I suggest it’s time we made it easier for our listeners to consume our content in the place they use, and desire, it.

 

If you think about your product from the audience’s perspective, shouldn’t the viewer on their phone look something like the dashboard of your grandparents car?

Step back for a moment and imagine your audience and how they will use your product. Your tweets, Facebook posts, apps, etc., should be as user friendly as possible.

One click to content.

On the plus side, one can turn great live content (like what Mackey tweeted) and re-imagine it as evergreen content via podcasting.  And his GREAT hook will work again, and again, and again.

Here’s hoping they make it a podcast as I’d like to know what he said.

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Update: Mackey posted an interesting and well researched note on his blog that is a great illustration of how on-air content translates to online content.

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MORE ON SOCIAL MEDIA

I thought this study (Data: Strategies for Effective Tweeting: A Statistical Review) by Buddy Media had pretty good info for radio folks to consider. Go ahead and read it and then let’s discuss…
…waiting…
Quite a read, huh? Man you read slowly. Your lips okay?
A quick note before we jump into this…I’m not as sold on Twitter as these guys are, and question how valuable it actually is. Frankly, it feels like a fad that will fade away once the new thing comes along. But, it is a way to reach and engage an audience quickly, even when they are not listening. To be clear, I’m not saying it is without value, I’m simply saying it’s overvalued right now.
My thoughts:
  • Add links to drive retweet rates: I totally agree and have blogged about it before. Include a link to your tweets as often as possible. It’s important to share something of value. When I send a tweet out for the John Curley Show, I always write a hook and include the stations dial position and a link to the stream, or podcast as I want to grab attention while making it as easy as possible for them to consume the product.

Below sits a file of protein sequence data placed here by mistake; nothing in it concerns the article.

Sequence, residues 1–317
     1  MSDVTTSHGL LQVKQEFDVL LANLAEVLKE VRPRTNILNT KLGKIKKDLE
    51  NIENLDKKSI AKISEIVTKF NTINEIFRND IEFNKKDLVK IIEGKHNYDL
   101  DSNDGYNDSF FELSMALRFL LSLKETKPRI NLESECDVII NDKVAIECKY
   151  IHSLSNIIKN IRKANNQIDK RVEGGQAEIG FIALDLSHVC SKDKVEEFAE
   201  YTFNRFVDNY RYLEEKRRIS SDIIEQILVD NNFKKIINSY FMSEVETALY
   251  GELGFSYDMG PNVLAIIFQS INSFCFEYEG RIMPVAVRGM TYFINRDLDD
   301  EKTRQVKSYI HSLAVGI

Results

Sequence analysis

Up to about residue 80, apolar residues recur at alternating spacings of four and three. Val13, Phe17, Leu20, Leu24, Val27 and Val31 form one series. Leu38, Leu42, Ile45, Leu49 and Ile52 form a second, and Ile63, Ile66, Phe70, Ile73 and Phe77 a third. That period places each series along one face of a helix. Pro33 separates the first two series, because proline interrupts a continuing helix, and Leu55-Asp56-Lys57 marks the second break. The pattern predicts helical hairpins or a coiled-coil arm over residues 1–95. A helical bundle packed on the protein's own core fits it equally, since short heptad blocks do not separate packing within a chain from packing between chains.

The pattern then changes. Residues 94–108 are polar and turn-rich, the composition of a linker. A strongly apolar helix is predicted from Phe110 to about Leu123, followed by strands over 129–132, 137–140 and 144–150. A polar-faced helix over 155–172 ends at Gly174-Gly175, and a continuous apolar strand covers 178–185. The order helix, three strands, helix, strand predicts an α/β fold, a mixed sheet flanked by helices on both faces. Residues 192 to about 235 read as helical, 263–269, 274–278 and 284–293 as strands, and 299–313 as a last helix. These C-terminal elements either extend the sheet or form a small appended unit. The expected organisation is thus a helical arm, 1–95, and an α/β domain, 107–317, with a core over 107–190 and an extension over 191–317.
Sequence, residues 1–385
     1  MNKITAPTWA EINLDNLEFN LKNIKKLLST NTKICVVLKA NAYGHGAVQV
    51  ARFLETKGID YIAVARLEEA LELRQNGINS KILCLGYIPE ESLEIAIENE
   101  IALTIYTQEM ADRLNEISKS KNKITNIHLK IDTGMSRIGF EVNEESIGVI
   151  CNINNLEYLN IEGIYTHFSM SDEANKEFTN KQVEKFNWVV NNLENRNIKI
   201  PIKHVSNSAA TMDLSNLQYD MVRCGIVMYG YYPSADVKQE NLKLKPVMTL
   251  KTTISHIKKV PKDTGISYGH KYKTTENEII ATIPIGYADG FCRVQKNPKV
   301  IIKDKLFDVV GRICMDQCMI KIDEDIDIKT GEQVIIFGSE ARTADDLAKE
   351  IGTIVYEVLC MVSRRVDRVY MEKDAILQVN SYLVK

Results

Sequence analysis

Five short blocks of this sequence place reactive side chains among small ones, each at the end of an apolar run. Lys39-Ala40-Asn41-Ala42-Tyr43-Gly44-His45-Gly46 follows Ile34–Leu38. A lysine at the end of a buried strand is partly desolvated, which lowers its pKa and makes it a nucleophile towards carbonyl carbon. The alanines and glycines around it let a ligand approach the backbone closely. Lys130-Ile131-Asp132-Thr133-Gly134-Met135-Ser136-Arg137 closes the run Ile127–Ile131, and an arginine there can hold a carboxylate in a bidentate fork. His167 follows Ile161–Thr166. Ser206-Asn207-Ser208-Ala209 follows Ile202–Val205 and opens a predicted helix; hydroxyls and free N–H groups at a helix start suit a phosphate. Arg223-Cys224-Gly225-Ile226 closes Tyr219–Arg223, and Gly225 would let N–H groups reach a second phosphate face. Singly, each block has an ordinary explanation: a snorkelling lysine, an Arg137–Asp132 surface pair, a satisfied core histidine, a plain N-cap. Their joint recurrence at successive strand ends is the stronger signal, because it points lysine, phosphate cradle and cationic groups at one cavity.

• Keep tweets short: I agree with this, although we all know that can be difficult with 140 characters. But, keeping it short allows others to share your tweet, which is vital to growing your audience and new revenue streams.
How I see Twitter.
  • Don’t over-tweet: Agree and disagree. Agree in that I find myself unfollowing a lot of people in radio because the constantly tweet drivel.  But disagree with Buddy Media when they say four per day max’. You be the judge of what your followers want. My feeling is that it’s okay to tweet something with great value multiple times, especially considering Twitter is like a conveyor belt. For instance, if you score a great interview, write a hilarious bit or have an epic take that “does not suck,” that link is worth tweeting a few times so everyone actually sees the tweet when they are experiencing the Twittersphere.
  • Facebook: Not sure I agree.  They say use Facebook outside of prime hours. The kids at Mashable said this in 2010: “The three biggest usage spikes (on Facebook) tend to occur on weekdays at 11:00 a.m., 3:00 p.m. and 8:00 p.m. ET.” and “The biggest spike occurs at 3:00 p.m. ET on weekdays.” I like the idea of using Facebook at key points of the day and evening.
  • Use a retweet call to action: I love this idea, and think it has tremendous value, especially if you share great content with your followers. Help them be mavens for you.
If I could have you take away one idea from this blog today, it would be that it’s important to create great content that can be consumed on multiple, shareable (is that a word?) platforms. Clearly you’re creating great stuff, now it’s time to go where your audience is and to wave your arms until they notice that great stuff.
Man, we are totally outside the box.  We are so outside the box, we need someone to Facebook a tweet from google maps to us on Pinterest.  I don’t know what I just said.
Here’s the cheat sheet Buddy Media created…pretty cool.